The biggest risk retirees face is outliving their assets – spending too much or saving too little for their golden years, which are potentially a lot longer than many might expect.

According to a new report from Wells Fargo Investment Institute, citing government data, the average life expectancy for a 65-year-old man today is 84.3 years and for a 65-year-old woman 86.6 years, and  those numbers are expected to grow. By 2030, nearly one in five U.S. residents is expected to be 65 or older, according to the report Living Longer, Living Better.

Given this “longevity risk,” coupled with the declining ratio of workers to retirees to fund Social Security and Medicare and declining market growth rates, “it’s imperative to develop an appropriate and realistic plan” for a “potentially longer lifespan,” according to the report. Here are some of its key recommendations for advisors and their clients to develop instead a “longevity dividend”:

Be prepared to fund two to three decades of retirement.

1. Be prepared to fund two to three decades of retirement or more

“Whatever your current age or financial situation, we believe it’s imperative to develop an appropriate and realistic plan for your potentially longer lifespan,” the report states. “You have to fund 20, 30, 40 years of retirement if you retire at the traditional 62 to 65,” says Tracie McMillion, head of Global Asset Allocation Strategy for the Wells Fargo Investment Institute. 

According to government statistics, the average life expectancy is now four years longer than it was in 1990 – increasing on average one year for every four. If that pattern continues, 26 years from now the average life expectancy for men will be over 88 years and for women over 90. Food for thought for those now in their early 40s.

Consider the impact of rising health care costs

2. Consider the impact of rising health care costs.

While longevity is increasing, health care costs are rising. That, coupled with “diminishing defined-benefit pension plans and the uncertain future of Social Security all pose challenges and risks for retirees,” the report states.

Health care spending in the U.S. for those 65 to 84 is close to $16,000 per person – almost double the spending for those 45 to 64 years of age, according to the report, which cites 2014 data from the Health Affairs policy journal. For those 85 years or older, it doubles again to almost $35,000.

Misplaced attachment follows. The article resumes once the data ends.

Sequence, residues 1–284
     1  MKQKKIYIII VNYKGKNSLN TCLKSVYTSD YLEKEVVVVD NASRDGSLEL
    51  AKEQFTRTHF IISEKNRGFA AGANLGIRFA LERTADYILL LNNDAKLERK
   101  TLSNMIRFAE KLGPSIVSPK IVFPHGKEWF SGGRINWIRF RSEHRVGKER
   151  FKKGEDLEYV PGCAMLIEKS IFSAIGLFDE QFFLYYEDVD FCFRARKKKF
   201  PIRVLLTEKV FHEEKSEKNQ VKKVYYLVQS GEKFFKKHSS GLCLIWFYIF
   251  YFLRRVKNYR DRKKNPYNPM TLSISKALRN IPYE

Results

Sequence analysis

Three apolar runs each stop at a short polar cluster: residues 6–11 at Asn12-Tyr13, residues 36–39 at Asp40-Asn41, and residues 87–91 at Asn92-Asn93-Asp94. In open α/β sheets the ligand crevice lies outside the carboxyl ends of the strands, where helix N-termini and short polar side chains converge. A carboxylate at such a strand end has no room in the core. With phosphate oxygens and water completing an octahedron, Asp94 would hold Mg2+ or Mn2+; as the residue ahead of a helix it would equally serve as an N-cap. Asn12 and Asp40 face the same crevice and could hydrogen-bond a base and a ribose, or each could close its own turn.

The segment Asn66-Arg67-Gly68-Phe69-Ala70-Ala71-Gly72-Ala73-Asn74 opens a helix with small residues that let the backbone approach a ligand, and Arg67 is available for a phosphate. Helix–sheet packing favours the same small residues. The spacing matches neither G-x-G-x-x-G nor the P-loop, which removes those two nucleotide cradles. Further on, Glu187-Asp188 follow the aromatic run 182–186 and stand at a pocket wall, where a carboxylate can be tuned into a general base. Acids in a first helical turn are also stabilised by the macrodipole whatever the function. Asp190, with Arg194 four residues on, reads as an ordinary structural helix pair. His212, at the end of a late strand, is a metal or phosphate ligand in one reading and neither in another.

Don't count on Social Security as it is now

3. Don’t count on Social Security as it is now. Payments could decline

For most people, income from Social Security will be “insufficient, so they have to fill that gap,” says McMillion, and Social Security payments could potentially decline as a result of funding issues.

By 2030 — just 14 years from now — nearly one in five U.S. residents is expected to be 65 or older, according to the Wells Fargo report. At the same time, the ratio of workers to retirees funding Social Security is expected to be roughly 2 to 1, down from nearly 3 to 1, according to the Social Security Administration.

 “This population mismatch is likely to result in policies that place a greater burden on current workers and reduce benefits for retired workers,” according to the Wells Fargo report. “Government programs designed to assist retirees have grown disproportionately large and threaten to crowd out most other expenses by 2040 if reform is not enacted.”

Work longer, spend less or plan better if you retire earlier

4. Work longer, spend less or plan better if you retire earlier.

If “working longer is not your definition of living better” [and] “If you plan to exit the work force at an earlier age, you’ll need to plan for that,” according to the report.

To that end, Wells Fargo suggests that younger workers start saving for retirement as soon as they start working and older workers increase their exposure to equities while trimming bond holdings. In addition, Wells Fargo recommends that workers age 50 or older take advantage of catch-up contribution to IRAs and 401(k) plans.

They can contribute up to $6500 each to a traditional or Roth IRA, if they qualify, which is $1,000 more than those under 50. For 401(k) plans the maximum contribution is $24,000, or $8,000 more than the maximum for those under 50 years old.

Keep stocks in your portfolio after retirement

5. Keep stocks in your portfolio after retirement.

“It’s critical that your assets grow faster than the price of goods and services during your retirement years,” which favors stocks, according to the report.  “In the years following retirement, the potential returns from stocks over time are more likely to outpace inflation when compared to the long-term returns from cash alternatives or short maturity bonds.”

The report includes a chart showing that $2,220 in 2015 has the same purchasing power as $1,000 in 1985, 30 years earlier.

‘Your future standard of living will depend on your ability to cover living expenses throughout retirement,” according to the report.

For those retirees unwilling to take the additional market risk of stocks, the report suggests that they consider annuities instead only if they “fully understand terms and conditions.”

Maintain a diversified portfolio in retirement even if you’re wealthy

6. Maintain a diversified portfolio in retirement even if you’re wealthy.

“Asset placement, particularly for taxable assets may be important consideration … as withdrawals from retirement accounts may be taxed at different rates,” the report states.

The report recommends that wealthy retirees hold bonds in retirement accounts and growth assets, like stocks, in nonretirement accounts because their capital gains and dividends will be taxed at a lower rate than income.

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